The New York City school system is having great difficulty finding teachers to take available jobs, the Board of Education's personnel director, Frank Arricale, said yesterday.

"I want to red-flag this situation before it gets worse," said Frank Arricale, who said that 800 teachers are needed before the new semester begins Feb. 1 to fill vacancies and that another 1,200 are needed if teachers who have applied for sabbaticals are to have them.

Arricale said teachers are abandoning the profession because of a lack of job security, competition from private business, criticism of teachers for all the failures of students to learn and violence in the schools.

"It's become increasingly difficult since September to get people to teach in our system," Arricale said. There have been shortages of high school and junior high school mathematics and science teachers for several years, but now other specialties are also hard to find, he said.

The teacher layoff that followed the city's fiscal crisis in 1975 "shattered the tradition" that teaching had absolute job security, Arricale said.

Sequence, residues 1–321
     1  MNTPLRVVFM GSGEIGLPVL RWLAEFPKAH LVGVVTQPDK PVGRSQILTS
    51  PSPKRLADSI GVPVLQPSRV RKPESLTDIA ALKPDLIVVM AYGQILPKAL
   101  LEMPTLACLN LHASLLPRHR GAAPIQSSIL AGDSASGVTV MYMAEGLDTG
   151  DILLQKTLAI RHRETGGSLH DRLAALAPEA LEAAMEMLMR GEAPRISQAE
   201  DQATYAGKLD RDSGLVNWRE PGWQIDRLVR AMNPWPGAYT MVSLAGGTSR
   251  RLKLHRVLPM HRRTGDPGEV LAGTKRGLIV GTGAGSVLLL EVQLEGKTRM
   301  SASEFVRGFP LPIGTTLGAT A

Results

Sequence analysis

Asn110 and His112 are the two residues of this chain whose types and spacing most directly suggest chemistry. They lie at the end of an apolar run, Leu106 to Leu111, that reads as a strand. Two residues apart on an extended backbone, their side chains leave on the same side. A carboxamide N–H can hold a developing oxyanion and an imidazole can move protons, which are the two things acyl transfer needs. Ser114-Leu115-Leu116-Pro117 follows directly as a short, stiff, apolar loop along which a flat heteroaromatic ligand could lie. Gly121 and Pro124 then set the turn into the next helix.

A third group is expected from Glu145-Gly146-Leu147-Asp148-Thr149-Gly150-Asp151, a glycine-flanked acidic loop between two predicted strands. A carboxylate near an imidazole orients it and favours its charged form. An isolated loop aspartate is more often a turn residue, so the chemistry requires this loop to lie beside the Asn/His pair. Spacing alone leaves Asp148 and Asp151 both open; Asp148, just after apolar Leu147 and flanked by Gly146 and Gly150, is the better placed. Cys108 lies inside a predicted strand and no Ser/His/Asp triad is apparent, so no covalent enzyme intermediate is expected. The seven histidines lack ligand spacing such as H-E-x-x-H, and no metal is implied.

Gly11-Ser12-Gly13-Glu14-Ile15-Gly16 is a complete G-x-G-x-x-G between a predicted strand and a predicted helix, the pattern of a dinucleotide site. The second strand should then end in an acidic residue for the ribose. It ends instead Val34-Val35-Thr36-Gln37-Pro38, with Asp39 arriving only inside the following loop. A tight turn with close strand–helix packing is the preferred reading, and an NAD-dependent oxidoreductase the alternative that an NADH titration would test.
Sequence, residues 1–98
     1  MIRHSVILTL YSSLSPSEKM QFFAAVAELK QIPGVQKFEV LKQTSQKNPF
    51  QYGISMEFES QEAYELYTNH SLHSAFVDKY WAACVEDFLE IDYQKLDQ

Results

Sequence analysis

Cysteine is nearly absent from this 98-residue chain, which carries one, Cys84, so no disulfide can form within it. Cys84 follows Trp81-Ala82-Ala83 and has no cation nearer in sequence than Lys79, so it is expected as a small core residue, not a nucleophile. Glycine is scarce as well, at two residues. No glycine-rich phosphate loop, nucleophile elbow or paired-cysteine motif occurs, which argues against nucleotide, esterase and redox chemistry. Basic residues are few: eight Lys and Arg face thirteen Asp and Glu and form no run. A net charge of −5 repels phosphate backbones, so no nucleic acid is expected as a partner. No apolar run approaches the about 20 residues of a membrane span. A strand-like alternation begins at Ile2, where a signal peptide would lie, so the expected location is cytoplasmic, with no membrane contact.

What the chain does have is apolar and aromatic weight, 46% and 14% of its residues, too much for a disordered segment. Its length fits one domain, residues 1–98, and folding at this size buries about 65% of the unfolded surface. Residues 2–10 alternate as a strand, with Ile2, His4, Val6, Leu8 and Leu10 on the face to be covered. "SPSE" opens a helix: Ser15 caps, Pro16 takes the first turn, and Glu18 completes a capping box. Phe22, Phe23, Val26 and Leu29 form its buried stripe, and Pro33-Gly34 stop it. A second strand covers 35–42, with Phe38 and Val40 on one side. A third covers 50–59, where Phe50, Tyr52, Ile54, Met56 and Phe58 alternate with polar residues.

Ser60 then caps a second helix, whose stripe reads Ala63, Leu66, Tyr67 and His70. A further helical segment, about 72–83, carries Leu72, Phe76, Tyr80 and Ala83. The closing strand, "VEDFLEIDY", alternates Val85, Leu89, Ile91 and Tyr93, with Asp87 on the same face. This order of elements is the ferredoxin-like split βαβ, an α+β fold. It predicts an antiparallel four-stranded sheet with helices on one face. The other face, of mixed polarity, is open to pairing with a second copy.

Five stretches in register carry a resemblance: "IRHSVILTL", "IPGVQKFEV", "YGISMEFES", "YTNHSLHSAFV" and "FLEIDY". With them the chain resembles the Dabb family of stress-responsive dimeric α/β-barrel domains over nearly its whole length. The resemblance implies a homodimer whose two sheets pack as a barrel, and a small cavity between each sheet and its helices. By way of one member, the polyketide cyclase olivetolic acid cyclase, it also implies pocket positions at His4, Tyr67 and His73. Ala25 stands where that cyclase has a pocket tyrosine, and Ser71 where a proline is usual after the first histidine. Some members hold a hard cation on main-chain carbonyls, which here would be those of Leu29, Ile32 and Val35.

"Laidoff teachers or teacher candidates found the antiseptic atmosphere of the ivory tower private corporations more pleasant than the nitty-gritty of the schools," Arricale said. Teachers, he added, more than anyone else except firefighters, "have borne the burden of the social problems of the city."

The Board of Education went through a list of 17,500 teachers who had been laid off when teacher replacements were being sought last August and September, school officials said. About 12,000 were no longer interested in a teaching career, they said.

Arricale said that violence in schools had "very little" to do with his problem, but could not completely ignored. The Board of Education reported 2,402 assaults in schools last year - most of them assaults by students against other students.

New York City is attempting to recruit teachers in "the highways and byways," Arricale said. The city requires a special qualifying examination in addition to New York State certification.

A beginning teacher earns $9,200 a year, which increases in 14 steps to $20,000 over 7 1/ 2 years.